Saturday, December 5, 2015

A Shilling for Candles, by Josephine Tey -- a reread

Scribner, 1998
originally published 1936
238 pp

Having just recently finished Jennifer Morag Henderson's excellent biography of the author,  Josephine Tey: A Life (which I'll be talking about here very shortly),  I find myself completely in agreement with her -- the more a Tey reader understands about her life, the easier it is to appreciate  and to understand her work.  I wish the biography had come out sooner; now I feel like I ought to go back and reread more of Tey's crime novels for better perspective.

A Shilling for Candles begins with the discovery of a body on the beach. At first the young woman's death is assumed to be suicide, but based on his observations and an important clue left behind, Inspector Grant from Scotland Yard thinks differently. This should be an easy mystery to solve, since Grant has a ready-made suspect, but that person ends up fleeing.  While the suspect is being hunted, Grant realizes that there are many odd things about the death and life of the dead woman that need to be investigated, but trying to keep things quiet turns out to be impossible since the deceased is popular film star Christine Clay, who had gone into hiding to get away from the world. To say that this is a complicated case is an understatement.  While the hunt is on for his main suspect, Grant finds himself having to examine different lines of inquiry that move him into the shallow world of celebrity, the dead woman's personal history, religious strangeness,  and they even take him into the realm of out-there astrology before the truth is at last revealed. And I have to say, I seriously didn't see that ending coming -- a complete surprise.

Getting back to why knowing something of Tey's life helps to put things into better perspective as a reader,  as I read A Shilling for Candles, I could easily see how much of Tey's experiences had an impact on her character creations.  As just one example (without giving anything away),  Tey had made lifelong friends among a group of women in the theater world, women she'd come to know in her work as  playwright Gordon Daviot.  One of these women was Marda Vanne, whose fictional counterpart Marta Hallard turns up in more than one Tey novel as an actress friend of Grant's.  As another example, when Christine Clay's will is read, it turns out that she's left money to the National Trust, "for the preservation of the beauty of England."  Tey did the same in her will.  Plus, there's the added focus of the pitfalls of fame and fortune in this novel that may play off of Tey's own reluctance to be in the public limelight.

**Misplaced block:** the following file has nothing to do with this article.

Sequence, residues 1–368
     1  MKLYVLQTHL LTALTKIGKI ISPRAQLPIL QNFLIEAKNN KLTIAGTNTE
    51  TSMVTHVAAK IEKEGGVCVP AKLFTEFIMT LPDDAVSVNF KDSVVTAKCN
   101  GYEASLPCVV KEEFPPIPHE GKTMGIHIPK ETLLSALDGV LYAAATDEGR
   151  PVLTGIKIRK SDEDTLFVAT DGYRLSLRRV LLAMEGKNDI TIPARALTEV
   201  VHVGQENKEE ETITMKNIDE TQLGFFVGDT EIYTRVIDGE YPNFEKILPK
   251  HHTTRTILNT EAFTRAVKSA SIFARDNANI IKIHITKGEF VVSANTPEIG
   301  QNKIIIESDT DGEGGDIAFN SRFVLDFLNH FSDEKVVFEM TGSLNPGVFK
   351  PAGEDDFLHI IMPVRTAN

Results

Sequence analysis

[Sidebar: Tey also worked as a screenwriter and even had this book adapted as a Hitchcock release entitled "Young and Innocent," which I will be watching this evening.]

This is my second time with this book, and I got much more out of it this time around than the last, which is generally the case with me; I think the huge difference was that this time I also had more insight into the author herself.   I have to be honest -- so far my favorite of the rereads has been her The Franchise Affair -- in my very humble opinion, it's among the best of her mysteries and A Shilling for Candles doesn't rate as highly as that one.  That doesn't mean it's not good, just less enjoyable for me personally.

Recommended to people who enjoy vintage crime, but do be aware that many of Tey's ideas in this novel do not conform to modern PC sensitivities. Frankly, I don't really give a fig about whether or not a book written in the 1930s conforms to today's standards of "correctness", but I have read reader responses that include complaints about this issue, so you've been warned.  Overall -- a good read, not great, but it was fun getting to the end.


  1. I think reading certain books more than once leads to discovery of new elements, or we bring ourselves to the book in a different frame of mind; some literary schools of thought try to steer away from the personal/ historical background of a writer and just note a book's merit in and of itself; while other literary theories embrace the writer and establish a better link with real life and art. I prefer to know as much as I can about a writer ( of consequence) to savor the work on more than one level. I like Tey.

    1. I like her too, and it's not unusual for an author to bits of his/her life into a book in some form. It was a much better read this time, for sure!


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